The Joseph Black Manuscript collection consists of volumes of correspondence between himself and a variety of persons (including James Watt, Prince Paul Dashkov, Johann Albrecht Euler), and on a variety of subjects: linen bleaching, use of lime water, assays of ores, civic water supply, mineralogical specimens, absorption of heat etc. There are family letters too, between Black and his father and his brothers Samuel, George and Thomas, again on a variety of subjects: legal and money matters, health matters, trade with America, French flax, naval telegraphy, French prisoners in Edinburgh Castle etc. There are also manuscript copies of Black's Chemistry Lectures.
Papers of Joseph Black (1728-1799)
- This material is held at
- ReferenceGB 237 Coll-16
- Dates of Creation1754-1799
- Physical Description5 boxes.
- LocationGen. 873-875
Scope and Content
Administrative / Biographical History
Joseph Black was born in Bordeaux, France, on 16 April 1728. His father, of Scottish descent and a native of Belfast, was involved in the wine business in France. Black was educated in Belfast and then studied medicine and natural sciences at Glasgow University where his chemistry instructor was William Cullen (1710-1790). In 1751 Black transferred his medical studies to Edinburgh. In 1756 he succeeded Cullen as Lecturer in Chemistry at Glasgow University and was also appointed Professor of Anatomy, later on exchanging to the Chair of Medicine. Black also practiced as a physician. Through his investigation of the heating of magnesium carbonate, he anticipated the findings of Antoine Laurent Lavoisier (1743-1794), and indeed of modern chemistry, by indicating the existence of the gas carbon dioxide as distinct from common air. An account of his studies was published in Experiments upon magnesia alba, quicklime, and some other alcaline substances (1756). Black's work at Glasgow led to the doctrine of latent heat. He verified the hypothesis in 1761, thereafter teaching the doctrine and doubtless influencing his friend James Watt (1736-1819) in the construction of the condensing steam engine. Black also founded the theory of specific heats. In 1766 until 1799, Black was Professor of Chemistry at Edinburgh University. Joseph Black died in Edinburgh on 10 November 1799. His lecture notes, supplemented by those of his pupils, were written and published posthumously by John Robison as Lectures on the elements of chemistry, delivered in the University of Edinburgh (1803).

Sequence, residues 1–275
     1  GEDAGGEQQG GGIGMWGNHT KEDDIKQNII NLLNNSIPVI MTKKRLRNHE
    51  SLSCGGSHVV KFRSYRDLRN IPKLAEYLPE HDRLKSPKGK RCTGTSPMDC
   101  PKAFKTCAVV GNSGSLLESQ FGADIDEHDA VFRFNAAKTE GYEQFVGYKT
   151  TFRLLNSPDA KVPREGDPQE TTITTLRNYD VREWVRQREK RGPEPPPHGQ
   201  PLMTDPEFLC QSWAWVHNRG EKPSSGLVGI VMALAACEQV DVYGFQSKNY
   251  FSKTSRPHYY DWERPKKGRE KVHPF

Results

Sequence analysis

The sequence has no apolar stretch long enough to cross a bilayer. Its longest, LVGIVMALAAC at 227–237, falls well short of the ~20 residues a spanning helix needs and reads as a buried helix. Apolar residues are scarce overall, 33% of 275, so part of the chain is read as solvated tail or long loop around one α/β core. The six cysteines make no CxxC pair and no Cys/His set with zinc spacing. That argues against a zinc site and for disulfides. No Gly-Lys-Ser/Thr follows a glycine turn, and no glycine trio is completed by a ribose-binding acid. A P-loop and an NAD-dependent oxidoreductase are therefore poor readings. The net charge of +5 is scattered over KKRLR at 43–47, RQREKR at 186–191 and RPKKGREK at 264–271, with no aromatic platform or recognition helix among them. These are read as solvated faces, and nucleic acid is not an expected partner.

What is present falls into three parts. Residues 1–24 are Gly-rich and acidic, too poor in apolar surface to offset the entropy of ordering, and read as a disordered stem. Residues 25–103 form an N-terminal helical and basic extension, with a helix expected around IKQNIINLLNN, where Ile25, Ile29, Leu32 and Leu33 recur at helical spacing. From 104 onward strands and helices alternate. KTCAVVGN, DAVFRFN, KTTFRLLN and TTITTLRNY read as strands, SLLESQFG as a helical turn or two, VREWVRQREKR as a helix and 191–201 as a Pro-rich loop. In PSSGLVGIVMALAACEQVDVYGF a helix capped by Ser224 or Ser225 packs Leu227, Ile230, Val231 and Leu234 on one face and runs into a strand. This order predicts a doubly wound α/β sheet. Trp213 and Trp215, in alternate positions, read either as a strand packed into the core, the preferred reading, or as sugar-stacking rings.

Conditions Governing Access
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Other Finding Aids
Handlist, H16; Another important finding aid is the alphabetical Index to Manuscripts held at Edinburgh University Library, Special Collections and Archives. Additions to the typed slips in sheaf binders were made until 1987.